1.These five Appellants, Fredrick Murungi Ikiara, Geoffrey Kiogora Ikiara, Geoffrey Mbaya, Samuel Bundi And Erick Mutumawere each convicted after trial of arson contrary to section 332(a) of the Penal Code. It was alleged that on February 22, 2014 at Kamoko Village within Nyeri County, they jointly, willfully and unlawfully set fire to a semi-permanent house valued at Kshs 2 million, the property of one Justus Mwiti. On August 24, 2018 they were each sentenced to serve two (2) years imprisonment. They appealed against both conviction and sentence. By a ruling dated and delivered on February 14, 2019 by the High Court at Nyeri, the Appellant, were each admitted to bail.
2.One of the grounds of appeal taken up by the Appellants, all of whom were represented in this appeal by learned counsel, is that in their trial the evidence was taken by two different magistrates, yet section 200(3) of the Criminal Procedure Code was not complied with. Learned counsel for the Respondent conceded the appeals on this ground alone. He also indicated that he would also have conceded the appeal on the other grounds raised in the petition, one of which was that the offence was not proved against any of the Appellants beyond reasonable doubt.
3.Section 200 (3) and (4) provides as follows –
4.The right of an accused person under section 200(3) to be informed of his right to demand that any witness be re-summoned and heard afresh, if he is so minded, is mandatory. I have examined the record of the trial court. The trial was commenced by Hon. E. Bett, Senior Resident Magistrate, who recorded the testimonies of the first six (6) prosecution witnesses. On May 4, 2017 a new magistrate, Hon. Ngigi, SRM, appears to have taken over hearing of the case. He or she took the testimonies of PW7, PW8 and PW9. He or she also took the defences of the Appellants, all of whom gave sworn evidence and called one witness. He or she also wrote the judgment which was delivered by a third magistrate who also sentenced the Appellants. I have not seen on the record where section 200(3) of the Criminal Procedure Code was complied with.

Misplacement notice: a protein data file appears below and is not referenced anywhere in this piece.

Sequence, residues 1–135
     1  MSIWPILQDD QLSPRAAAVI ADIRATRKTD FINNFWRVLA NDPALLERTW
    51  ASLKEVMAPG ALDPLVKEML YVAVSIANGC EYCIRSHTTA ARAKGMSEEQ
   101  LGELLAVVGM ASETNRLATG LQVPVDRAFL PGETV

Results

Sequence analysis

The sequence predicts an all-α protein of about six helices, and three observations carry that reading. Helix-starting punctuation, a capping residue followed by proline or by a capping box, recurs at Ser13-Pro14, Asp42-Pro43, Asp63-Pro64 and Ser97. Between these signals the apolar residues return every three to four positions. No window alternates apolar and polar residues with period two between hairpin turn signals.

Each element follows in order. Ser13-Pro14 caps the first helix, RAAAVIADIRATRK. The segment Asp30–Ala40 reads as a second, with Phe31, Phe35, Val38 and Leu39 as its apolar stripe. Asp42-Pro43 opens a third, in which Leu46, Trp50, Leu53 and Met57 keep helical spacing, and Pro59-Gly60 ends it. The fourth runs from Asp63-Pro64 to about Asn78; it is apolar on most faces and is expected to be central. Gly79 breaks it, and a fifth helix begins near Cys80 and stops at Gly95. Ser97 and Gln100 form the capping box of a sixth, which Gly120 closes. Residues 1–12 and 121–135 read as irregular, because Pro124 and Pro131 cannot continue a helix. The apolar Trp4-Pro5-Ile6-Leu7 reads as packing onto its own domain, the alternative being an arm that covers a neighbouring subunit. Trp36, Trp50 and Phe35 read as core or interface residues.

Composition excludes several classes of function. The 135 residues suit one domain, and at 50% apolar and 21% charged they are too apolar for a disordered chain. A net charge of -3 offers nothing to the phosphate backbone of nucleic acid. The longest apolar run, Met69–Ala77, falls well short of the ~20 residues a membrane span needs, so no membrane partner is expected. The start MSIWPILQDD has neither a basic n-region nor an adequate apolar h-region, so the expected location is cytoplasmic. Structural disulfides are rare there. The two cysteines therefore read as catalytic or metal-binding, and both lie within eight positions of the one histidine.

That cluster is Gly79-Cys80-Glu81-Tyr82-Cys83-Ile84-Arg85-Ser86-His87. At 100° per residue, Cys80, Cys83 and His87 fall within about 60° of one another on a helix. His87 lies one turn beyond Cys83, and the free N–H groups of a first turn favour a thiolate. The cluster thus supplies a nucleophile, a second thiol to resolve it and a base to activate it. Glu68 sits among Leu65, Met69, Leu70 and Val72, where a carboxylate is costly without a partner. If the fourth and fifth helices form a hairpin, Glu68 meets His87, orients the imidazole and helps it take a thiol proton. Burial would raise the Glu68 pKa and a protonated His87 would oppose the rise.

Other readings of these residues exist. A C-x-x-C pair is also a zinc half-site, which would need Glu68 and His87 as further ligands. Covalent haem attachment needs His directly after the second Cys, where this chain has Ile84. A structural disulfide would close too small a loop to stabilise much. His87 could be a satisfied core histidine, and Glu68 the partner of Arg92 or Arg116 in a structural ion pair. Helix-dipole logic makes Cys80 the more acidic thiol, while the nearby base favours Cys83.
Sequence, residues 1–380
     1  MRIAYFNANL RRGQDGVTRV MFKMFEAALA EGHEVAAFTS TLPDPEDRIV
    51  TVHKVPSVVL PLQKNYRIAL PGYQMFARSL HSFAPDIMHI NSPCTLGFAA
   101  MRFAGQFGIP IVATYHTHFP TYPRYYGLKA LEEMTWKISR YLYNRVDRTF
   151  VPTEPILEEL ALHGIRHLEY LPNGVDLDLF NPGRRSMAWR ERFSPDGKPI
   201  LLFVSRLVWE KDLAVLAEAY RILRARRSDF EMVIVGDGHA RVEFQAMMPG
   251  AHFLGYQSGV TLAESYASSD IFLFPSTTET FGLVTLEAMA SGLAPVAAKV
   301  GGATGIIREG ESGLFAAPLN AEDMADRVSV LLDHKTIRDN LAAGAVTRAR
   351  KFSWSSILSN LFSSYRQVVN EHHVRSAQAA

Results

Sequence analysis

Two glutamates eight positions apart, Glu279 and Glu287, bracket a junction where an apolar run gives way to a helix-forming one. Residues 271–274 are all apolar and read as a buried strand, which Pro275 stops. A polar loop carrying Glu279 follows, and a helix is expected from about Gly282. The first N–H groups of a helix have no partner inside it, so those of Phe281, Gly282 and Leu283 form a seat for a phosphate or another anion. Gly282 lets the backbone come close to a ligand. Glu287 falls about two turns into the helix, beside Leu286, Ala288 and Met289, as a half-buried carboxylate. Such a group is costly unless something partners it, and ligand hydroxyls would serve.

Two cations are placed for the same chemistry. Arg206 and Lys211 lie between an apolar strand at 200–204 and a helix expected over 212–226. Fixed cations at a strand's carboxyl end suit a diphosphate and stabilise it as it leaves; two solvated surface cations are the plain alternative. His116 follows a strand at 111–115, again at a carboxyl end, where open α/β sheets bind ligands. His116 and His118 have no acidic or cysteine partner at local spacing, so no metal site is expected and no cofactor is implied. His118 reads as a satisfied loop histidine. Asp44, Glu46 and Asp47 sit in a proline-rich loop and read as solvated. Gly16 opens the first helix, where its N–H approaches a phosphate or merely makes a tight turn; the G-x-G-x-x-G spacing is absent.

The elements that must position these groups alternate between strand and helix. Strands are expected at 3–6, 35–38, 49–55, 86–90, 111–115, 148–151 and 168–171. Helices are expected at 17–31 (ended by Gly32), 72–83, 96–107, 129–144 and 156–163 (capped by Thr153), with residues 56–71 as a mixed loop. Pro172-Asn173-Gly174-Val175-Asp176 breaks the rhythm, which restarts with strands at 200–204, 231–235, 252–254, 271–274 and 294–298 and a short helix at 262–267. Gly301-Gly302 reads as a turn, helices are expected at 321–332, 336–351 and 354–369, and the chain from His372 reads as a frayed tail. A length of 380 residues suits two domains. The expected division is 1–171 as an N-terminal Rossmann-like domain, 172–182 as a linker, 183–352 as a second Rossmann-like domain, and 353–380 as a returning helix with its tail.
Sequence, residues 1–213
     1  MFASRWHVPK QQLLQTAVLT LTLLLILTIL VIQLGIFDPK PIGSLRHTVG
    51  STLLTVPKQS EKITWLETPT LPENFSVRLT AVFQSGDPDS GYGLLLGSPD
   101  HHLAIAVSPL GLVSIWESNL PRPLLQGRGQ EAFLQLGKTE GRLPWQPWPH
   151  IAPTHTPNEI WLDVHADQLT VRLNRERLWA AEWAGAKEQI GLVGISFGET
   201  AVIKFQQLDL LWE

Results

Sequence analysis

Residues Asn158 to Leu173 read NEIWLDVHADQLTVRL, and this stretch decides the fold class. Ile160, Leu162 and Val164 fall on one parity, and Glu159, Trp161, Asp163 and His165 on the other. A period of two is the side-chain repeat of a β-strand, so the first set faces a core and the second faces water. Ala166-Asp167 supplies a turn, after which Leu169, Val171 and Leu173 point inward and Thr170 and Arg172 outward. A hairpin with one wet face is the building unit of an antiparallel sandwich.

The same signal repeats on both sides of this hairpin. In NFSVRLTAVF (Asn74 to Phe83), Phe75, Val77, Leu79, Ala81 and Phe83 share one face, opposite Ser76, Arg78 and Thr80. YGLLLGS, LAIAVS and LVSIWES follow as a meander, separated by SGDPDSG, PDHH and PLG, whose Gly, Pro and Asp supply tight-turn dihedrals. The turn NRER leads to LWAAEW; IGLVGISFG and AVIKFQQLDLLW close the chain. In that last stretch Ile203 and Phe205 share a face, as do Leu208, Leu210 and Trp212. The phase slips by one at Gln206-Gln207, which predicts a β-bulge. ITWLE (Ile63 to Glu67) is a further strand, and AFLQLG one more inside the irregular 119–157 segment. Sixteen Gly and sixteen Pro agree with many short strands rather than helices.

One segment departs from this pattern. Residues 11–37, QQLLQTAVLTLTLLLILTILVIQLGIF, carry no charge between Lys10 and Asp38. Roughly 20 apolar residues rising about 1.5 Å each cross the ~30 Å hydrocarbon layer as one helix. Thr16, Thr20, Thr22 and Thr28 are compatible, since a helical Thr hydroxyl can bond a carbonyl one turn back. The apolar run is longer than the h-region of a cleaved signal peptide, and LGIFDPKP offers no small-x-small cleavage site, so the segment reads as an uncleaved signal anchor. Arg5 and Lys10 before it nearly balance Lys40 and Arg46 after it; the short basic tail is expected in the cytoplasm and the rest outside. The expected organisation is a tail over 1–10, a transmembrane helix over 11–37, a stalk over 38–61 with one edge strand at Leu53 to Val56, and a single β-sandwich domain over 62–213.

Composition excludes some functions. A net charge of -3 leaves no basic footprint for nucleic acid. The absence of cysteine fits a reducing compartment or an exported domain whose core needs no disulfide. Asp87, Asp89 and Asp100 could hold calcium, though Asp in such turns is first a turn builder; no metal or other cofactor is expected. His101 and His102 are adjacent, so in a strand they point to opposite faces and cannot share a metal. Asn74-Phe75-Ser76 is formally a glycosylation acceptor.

5.As already seen the first magistrate took the evidence of six prosecution witnesses. The second magistrate took the evidence of the remaining three prosecution witnesses, and also the defences of the Appellants (all of whom gave sworn evidence and were cross-examined) and their one witness. It was incumbent upon the second (succeeding) magistrate to inform the Appellants of their right to demand recall of any of the six witnesses who had already testified before the first magistrate, if they were so minded. He or she did not do that.
6.More importantly, the first magistrate took the evidence of a large number of witnesses – six of them. The succeeding magistrate equally took the evidence of a large number of witnesses – the three remaining prosecution witnesses and the five accused persons and their one witness. I have read through all the testimonies of the witnesses, and I am satisfied that the Appellants were materially prejudiced by the fact that they were convicted upon evidence not wholly recorded by the convicting magistrate.
7.Learned counsel for the Respondent properly conceded these appeals upon this ground.
8.I will in the event allow all the five appeals and set aside the convictions and the sentences imposed. Because of the passage of time I will not order a retrial. It is so ordered.